Hackers are selling a service that bypasses ChatGPT restrictions on malware

By | February 8, 2023
Illustration of a chat bot on a computer screen.
Getty Images | Carol Yepes

Hackers have devised a way to bypass ChatGPT’s restrictions and are using it to sell services that allow people to create malware and phishing emails, researchers said on Wednesday.

ChatGPT is a chatbot that uses artificial intelligence to answer questions and perform tasks in a way that mimics human output. People can use it to create documents, write basic computer code, and do other things. The service actively blocks requests to generate potentially illegal content. Ask the service to write code for stealing data from a hacked device or craft a phishing email, and the service will refuse and instead reply that such content is “illegal, unethical, and harmful.”

Opening Pandora’s Box

Hackers have found a simple way to bypass those restrictions and are using it to sell illicit services in an underground crime forum, researchers from security firm Check Point Research reported. The technique works by using the ChatGPT application programming interface rather than the web-based interface. ChatGPT makes the API available to developers so they can integrate the AI bot into their applications. It turns out the API version doesn’t enforce restrictions on malicious content.

“The current version of OpenAI’s API is used by external applications (for example, the integration of OpenAI’s GPT-3 model to Telegram channels) and has very few if any anti-abuse measures in place,” the researchers wrote. “As a result, it allows malicious content creation, such as phishing emails and malware code, without the limitations or barriers that ChatGPT has set on their user interface.”

A user in one forum is now selling a service that combines the API and the Telegram messaging app. The first 20 queries are free. From then on users are charged $5.50 for every 100 queries.

An ad for a Telegram bot that can use ChatGPT to generate malicious content.
Enlarge / An ad for a Telegram bot that can use ChatGPT to generate malicious content.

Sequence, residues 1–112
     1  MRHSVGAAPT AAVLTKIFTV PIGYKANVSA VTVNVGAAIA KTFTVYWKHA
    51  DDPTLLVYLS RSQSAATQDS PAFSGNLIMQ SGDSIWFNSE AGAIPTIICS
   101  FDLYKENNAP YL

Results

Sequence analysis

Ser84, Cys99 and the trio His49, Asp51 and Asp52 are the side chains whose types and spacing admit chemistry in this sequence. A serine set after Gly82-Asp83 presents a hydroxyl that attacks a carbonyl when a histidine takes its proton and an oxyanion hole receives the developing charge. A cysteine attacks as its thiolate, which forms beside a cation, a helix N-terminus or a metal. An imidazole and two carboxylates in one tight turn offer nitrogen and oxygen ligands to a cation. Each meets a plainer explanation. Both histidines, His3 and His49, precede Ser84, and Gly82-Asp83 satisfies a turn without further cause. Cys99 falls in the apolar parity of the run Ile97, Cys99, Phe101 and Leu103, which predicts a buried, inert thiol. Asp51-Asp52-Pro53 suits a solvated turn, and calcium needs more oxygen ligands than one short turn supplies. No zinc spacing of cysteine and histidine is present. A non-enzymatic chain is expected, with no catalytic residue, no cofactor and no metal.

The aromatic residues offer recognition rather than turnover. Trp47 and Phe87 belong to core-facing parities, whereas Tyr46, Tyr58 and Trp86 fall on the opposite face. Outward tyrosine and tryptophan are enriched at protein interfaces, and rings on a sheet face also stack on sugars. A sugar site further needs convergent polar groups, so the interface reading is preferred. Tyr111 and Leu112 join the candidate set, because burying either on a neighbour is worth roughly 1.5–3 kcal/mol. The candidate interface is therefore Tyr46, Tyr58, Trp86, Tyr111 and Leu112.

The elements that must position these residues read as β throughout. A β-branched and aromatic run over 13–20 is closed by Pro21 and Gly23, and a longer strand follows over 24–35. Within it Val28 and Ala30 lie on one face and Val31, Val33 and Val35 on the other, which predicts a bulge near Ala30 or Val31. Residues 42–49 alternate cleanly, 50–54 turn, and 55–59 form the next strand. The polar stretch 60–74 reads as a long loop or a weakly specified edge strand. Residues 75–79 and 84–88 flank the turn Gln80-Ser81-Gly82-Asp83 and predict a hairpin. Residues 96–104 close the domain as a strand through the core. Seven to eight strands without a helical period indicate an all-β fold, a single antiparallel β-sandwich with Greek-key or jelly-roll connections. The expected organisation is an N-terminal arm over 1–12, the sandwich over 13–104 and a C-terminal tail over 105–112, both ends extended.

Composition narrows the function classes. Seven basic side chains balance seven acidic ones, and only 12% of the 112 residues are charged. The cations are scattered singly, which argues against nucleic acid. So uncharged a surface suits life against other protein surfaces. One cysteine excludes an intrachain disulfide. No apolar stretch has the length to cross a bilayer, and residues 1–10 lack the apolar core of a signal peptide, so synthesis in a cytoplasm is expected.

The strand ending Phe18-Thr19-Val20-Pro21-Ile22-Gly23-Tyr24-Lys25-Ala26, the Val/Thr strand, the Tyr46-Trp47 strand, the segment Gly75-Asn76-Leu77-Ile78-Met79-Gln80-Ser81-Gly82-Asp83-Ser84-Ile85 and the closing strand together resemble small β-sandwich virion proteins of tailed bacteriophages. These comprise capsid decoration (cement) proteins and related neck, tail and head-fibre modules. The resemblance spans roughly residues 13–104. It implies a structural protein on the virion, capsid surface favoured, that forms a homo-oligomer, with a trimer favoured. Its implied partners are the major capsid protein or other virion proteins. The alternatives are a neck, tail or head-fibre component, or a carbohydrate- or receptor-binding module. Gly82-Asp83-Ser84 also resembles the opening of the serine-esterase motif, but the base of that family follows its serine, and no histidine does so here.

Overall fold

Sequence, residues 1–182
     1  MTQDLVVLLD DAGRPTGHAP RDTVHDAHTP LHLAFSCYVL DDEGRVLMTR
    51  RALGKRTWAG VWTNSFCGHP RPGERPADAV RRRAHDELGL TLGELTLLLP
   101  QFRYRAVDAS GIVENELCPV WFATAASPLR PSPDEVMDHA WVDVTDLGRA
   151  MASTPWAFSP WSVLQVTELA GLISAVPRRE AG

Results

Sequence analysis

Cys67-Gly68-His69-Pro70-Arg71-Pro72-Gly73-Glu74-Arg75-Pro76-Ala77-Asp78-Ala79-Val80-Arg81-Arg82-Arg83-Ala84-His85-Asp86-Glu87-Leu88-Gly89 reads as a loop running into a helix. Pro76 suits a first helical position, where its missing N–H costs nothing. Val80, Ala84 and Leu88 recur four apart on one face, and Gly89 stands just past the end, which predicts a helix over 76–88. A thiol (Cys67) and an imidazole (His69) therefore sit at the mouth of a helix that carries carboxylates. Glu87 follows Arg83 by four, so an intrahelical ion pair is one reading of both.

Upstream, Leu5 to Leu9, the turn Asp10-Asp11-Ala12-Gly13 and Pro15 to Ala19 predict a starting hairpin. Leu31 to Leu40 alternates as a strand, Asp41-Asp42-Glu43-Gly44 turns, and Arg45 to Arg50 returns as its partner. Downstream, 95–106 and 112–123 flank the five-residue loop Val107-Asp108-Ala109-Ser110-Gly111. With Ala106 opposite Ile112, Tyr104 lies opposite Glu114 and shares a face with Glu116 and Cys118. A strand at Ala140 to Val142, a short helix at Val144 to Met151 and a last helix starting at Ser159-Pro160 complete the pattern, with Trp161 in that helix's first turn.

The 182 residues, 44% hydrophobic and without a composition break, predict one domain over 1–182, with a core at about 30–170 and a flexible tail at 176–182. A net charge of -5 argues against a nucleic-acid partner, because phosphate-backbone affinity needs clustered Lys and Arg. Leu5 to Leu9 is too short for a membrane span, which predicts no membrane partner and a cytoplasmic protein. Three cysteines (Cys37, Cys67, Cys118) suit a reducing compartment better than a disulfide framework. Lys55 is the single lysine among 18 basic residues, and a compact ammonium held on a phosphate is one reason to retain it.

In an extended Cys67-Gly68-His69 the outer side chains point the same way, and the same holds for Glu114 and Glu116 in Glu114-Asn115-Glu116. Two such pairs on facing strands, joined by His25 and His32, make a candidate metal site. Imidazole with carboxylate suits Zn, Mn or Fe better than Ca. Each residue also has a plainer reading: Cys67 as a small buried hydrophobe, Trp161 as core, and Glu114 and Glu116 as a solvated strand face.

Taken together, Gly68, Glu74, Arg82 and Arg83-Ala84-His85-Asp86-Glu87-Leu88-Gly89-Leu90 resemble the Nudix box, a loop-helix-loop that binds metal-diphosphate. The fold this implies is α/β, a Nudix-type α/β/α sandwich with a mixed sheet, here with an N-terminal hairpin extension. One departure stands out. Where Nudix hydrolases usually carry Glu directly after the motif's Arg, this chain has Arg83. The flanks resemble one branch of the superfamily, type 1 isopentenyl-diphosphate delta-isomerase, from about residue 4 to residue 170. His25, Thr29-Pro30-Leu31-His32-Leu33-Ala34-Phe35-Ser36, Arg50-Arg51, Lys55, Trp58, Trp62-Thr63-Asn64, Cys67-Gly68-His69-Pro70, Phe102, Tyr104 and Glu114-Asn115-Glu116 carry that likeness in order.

Check Point Research

Check Point researchers tested the bypass to see how well it worked. The result: a phishing email and a script that steals PDF documents from an infected computer and sends them to an attacker through FTP.

A phish generated with the Telegram bot.
Enlarge / A phish generated with the Telegram bot.
Check Point Research
Malware generated with the Telegram bot.
Enlarge / Malware generated with the Telegram bot.

Other forum participants, meanwhile, are posting code that generates malicious content for free. “Here’s a little bash script to help you bypass the restrictions of ChatGPT in order to use it for whatever you want, including malware development ;),” one user wrote.

A bash script for bypassing ChatGPT restrictions.
Enlarge / A bash script for bypassing ChatGPT restrictions.
Check Point Research

Last month, Check Point researchers documented how ChatGPT could be used to write malware and phishing messages.

“During December – January, it was still easy to use the ChatGPT web user interface to generate malware and phishing emails (mostly just basic iteration was enough), and based on the chatter of cybercriminals we assume that most of the examples we showed were created using the web UI,” Check Point researcher Sergey Shykevich wrote in an email. “Lately, it looks like the anti-abuse mechanisms at ChatGPT were significantly improved, so now cybercriminals switched to its API which has much less restrictions.”

Representatives of OpenAI, the San Francisco-based company that develops ChatGPT, didn’t immediately respond to an email asking if the company is aware of the research findings or had plans to modify the API interface. This post will be updated if we receive a response.

The generation of malware and phishing emails is only one way that ChatGPT is opening a Pandora’s box that could bombard the world with harmful content. Other examples of unsafe or unethical uses are the invasion of privacy and the generation of misinformation or school assignments. Of course, the same ability to generate harmful, unethical, or illicit content can be used by defenders to develop ways to detect and block it, but it’s unclear whether the benign uses will be able to keep pace with the malicious ones.